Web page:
real    0m0.002s
user    0m0.000s
sys     0m0.002s

Thanks,
WANG Chao

> 
> Also, to avoid slowing down /proc/cpuinfo accesses too much, reduce
> the default delay between consecutive APERF and MPERF reads to 10 ms,
> which should be sufficient to get large enough numbers for the
> frequency computation in all cases.
> 
> Fixes: 890da9cf0983 (Revert "x86: do not use cpufreq_quick_get() for /proc/cpuinfo "cpu MHz"")
> Signed-off-by: Rafael J. Wysocki <rafael.j.wysocki@intel.com>
> ---
> 
> Resent with a changelog & tags.
> 
> I'm going to route it via the linux-pm tree.
> 
> ---
>  arch/x86/kernel/cpu/aperfmperf.c |   74 +++++++++++++++++++++++++++------------
>  arch/x86/kernel/cpu/cpu.h        |    3 +
>  arch/x86/kernel/cpu/proc.c       |    6 ++-
>  fs/proc/cpuinfo.c                |    6 +++
>  include/linux/cpufreq.h          |    1 
>  5 files changed, 67 insertions(+), 23 deletions(-)
> 
> Index: linux-pm/arch/x86/kernel/cpu/proc.c
> ===================================================================
> --- linux-pm.orig/arch/x86/kernel/cpu/proc.c
> +++ linux-pm/arch/x86/kernel/cpu/proc.c
> @@ -5,6 +5,8 @@
>  #include <linux/seq_file.h>
>  #include <linux/cpufreq.h>
>  
> +#include "cpu.h"
> +
>  /*
>   *	Get CPU information for use by the procfs.
>   */
> @@ -78,9 +80,11 @@ static int show_cpuinfo(struct seq_file
>  		seq_printf(m, "microcode\t: 0x%x\n", c->microcode);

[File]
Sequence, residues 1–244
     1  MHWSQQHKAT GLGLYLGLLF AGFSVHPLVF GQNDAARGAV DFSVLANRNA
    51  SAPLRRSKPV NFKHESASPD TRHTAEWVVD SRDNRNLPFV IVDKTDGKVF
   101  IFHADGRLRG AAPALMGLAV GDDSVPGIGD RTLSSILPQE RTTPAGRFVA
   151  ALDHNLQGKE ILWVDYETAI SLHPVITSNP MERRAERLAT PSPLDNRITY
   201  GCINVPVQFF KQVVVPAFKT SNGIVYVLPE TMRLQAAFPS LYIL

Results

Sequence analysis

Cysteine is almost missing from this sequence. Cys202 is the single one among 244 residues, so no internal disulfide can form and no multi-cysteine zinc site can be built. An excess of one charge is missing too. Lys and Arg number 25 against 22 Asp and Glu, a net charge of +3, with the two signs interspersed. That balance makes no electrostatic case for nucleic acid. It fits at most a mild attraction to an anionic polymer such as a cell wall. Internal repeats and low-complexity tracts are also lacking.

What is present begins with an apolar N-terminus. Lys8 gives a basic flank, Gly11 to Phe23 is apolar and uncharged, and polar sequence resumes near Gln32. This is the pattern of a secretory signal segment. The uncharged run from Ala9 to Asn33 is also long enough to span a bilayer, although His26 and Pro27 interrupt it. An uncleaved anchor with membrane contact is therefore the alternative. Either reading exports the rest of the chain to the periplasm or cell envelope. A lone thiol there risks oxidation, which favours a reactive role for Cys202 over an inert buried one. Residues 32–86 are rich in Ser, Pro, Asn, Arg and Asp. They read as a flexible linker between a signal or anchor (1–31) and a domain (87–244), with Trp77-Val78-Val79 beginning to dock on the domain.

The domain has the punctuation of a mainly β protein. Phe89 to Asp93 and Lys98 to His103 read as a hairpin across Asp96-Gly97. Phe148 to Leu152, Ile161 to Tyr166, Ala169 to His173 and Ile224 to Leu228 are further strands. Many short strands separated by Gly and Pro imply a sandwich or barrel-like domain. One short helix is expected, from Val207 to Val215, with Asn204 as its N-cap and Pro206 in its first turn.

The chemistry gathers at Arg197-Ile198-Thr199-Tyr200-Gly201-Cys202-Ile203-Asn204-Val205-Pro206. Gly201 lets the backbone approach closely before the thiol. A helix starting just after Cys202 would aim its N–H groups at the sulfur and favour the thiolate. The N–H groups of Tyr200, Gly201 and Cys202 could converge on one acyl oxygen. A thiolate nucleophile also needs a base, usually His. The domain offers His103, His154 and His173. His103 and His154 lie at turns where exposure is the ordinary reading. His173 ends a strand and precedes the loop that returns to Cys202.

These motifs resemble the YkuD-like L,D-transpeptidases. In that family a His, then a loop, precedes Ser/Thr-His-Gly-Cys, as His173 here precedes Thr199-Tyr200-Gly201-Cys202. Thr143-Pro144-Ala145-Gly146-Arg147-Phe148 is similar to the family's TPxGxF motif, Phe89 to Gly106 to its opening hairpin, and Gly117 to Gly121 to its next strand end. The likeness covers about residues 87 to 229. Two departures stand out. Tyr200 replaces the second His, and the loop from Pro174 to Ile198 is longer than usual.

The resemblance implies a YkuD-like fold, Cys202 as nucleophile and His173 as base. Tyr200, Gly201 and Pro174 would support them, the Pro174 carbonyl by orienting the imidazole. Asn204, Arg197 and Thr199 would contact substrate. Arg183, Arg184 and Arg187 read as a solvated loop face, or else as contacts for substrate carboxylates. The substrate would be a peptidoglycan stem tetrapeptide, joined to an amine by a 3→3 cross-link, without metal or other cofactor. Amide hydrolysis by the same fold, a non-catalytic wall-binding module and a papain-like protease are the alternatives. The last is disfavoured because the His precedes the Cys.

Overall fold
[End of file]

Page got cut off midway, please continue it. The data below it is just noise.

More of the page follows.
>  
>  	if (cpu_has(c, X86_FEATURE_TSC)) {
> -		unsigned int freq = cpufreq_quick_get(cpu);
> +		unsigned int freq = aperfmperf_get_khz(cpu);
>  
>  		if (!freq)
> +			freq = cpufreq_quick_get(cpu);
> +		if (!freq)
>  			freq = cpu_khz;
>  		seq_printf(m, "cpu MHz\t\t: %u.%03u\n",
>  			   freq / 1000, (freq % 1000));
> Index: linux-pm/arch/x86/kernel/cpu/aperfmperf.c
> ===================================================================
> --- linux-pm.orig/arch/x86/kernel/cpu/aperfmperf.c
> +++ linux-pm/arch/x86/kernel/cpu/aperfmperf.c
> @@ -14,6 +14,8 @@
>  #include <linux/percpu.h>
>  #include <linux/smp.h>
>  
> +#include "cpu.h"
> +
>  struct aperfmperf_sample {
>  	unsigned int	khz;
>  	ktime_t	time;
> @@ -24,7 +26,7 @@ struct aperfmperf_sample {
>  static DEFINE_PER_CPU(struct aperfmperf_sample, samples);
>  
>  #define APERFMPERF_CACHE_THRESHOLD_MS	10
> -#define APERFMPERF_REFRESH_DELAY_MS	20
> +#define APERFMPERF_REFRESH_DELAY_MS	10
>  #define APERFMPERF_STALE_THRESHOLD_MS	1000
>  
>  /*
> @@ -38,8 +40,6 @@ static void aperfmperf_snapshot_khz(void
>  	u64 aperf, aperf_delta;
>  	u64 mperf, mperf_delta;
>  	struct aperfmperf_sample *s = this_cpu_ptr(&samples);
> -	ktime_t now = ktime_get();
> -	s64 time_delta = ktime_ms_delta(now, s->time);
>  	unsigned long flags;
>  
>  	local_irq_save(flags);
> @@ -57,38 +57,68 @@ static void aperfmperf_snapshot_khz(void
>  	if (mperf_delta == 0)
>  		return;
>  
> -	s->time = now;
> +	s->time = ktime_get();
>  	s->aperf = aperf;
>  	s->mperf = mperf;
> -
> -	/* If the previous iteration was too long ago, discard it. */